While Whatcom County isn’t seeing a construction boom like other parts of the country, contractors are having trouble filling positions for skilled workers.
Job growth for construction in Whatcom County is sluggish when compared to years before the construction/real estate bubble, according to data from the Washington State Employment Security Department.
The number of people in construction jobs in Whatcom County totaled 6,900 in July, up 4.5 percent compared to July 2002. But statewide, the total growth in construction jobs between 2002 and 2015 was 14 percent, said Scott Bailey, a regional labor economist for the state.
Even so, Whatcom County contractors are having trouble finding qualified people for skilled labor positions, said Liz Evans, northern district manager for the Associated General Contractors of Washington.
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The higher the degree of skill required, the harder it is to fill, Evans said. One problem is that the workforce is aging and as older workers retire, not enough young people are coming into the construction industry.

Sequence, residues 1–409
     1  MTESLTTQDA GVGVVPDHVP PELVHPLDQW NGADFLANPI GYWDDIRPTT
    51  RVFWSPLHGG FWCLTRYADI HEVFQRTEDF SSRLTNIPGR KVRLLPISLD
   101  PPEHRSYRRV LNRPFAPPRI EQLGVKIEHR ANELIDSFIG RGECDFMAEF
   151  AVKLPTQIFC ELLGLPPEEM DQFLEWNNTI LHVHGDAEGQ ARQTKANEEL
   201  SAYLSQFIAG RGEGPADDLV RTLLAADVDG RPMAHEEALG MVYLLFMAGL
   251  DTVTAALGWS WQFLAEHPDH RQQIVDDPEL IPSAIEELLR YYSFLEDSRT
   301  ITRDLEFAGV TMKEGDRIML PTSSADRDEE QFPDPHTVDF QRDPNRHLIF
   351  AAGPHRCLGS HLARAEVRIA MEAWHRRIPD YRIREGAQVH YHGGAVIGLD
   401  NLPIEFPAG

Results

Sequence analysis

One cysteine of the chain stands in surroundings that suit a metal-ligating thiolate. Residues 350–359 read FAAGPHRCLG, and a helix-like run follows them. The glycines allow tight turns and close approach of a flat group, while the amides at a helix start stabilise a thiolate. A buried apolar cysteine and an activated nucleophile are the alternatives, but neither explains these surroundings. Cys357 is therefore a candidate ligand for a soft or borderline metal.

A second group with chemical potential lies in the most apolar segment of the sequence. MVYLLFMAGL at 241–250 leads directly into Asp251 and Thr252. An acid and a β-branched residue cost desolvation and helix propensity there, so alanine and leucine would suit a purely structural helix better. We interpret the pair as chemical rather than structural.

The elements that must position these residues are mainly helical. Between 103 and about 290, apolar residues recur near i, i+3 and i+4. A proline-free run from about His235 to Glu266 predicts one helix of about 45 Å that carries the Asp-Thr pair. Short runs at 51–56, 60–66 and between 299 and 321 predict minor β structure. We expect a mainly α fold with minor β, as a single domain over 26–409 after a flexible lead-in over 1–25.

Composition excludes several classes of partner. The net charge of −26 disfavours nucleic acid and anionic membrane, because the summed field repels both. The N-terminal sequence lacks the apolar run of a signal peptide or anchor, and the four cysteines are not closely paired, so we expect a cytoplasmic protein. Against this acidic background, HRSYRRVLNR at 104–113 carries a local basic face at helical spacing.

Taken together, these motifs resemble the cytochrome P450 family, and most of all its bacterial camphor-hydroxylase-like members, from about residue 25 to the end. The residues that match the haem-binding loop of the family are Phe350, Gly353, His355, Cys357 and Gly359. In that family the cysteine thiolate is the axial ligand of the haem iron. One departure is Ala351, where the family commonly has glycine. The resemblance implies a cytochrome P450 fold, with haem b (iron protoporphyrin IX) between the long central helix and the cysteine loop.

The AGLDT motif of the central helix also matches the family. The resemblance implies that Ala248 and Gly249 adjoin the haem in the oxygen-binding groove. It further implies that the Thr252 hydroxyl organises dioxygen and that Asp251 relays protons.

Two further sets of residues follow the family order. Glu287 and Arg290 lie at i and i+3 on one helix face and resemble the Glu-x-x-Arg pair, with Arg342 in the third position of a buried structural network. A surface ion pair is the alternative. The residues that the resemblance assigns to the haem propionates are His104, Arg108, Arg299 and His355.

Part of the problem goes back to the financial meltdown in 2008. In Washington state, construction was one of the hardest hit industries, shedding jobs in Whatcom County and elsewhere. Many of those workers shifted to other occupations during and after the recession, Bailey said.
“The emphasis on ‘need to go to college to get a good job’ has probably contributed to young people not realizing they can make a good living in construction,” Bailey said.
Construction projects continue to pick up locally, particularly in Bellingham. The City of Bellingham issued permits for projects totaling $131.1 million from January to August of this year, up 7.8 percent compared to the same period in 2015.
Yet the Seattle-area market is much more aggressive, Evans said.
“Many of the subcontractors and general contractors in the Whatcom County area work in the King County market and beyond,” Evans said.
The need for trained construction workers is being voiced more often at Bellingham Technical College, said Frank Powers, vice president of instruction. Several of the programs related to construction are popular, including ones for electrical work, geomatics and welding.
“We work closely with industry and advisory boards on evaluating our program mix to provide the community what it needs,” Powers said.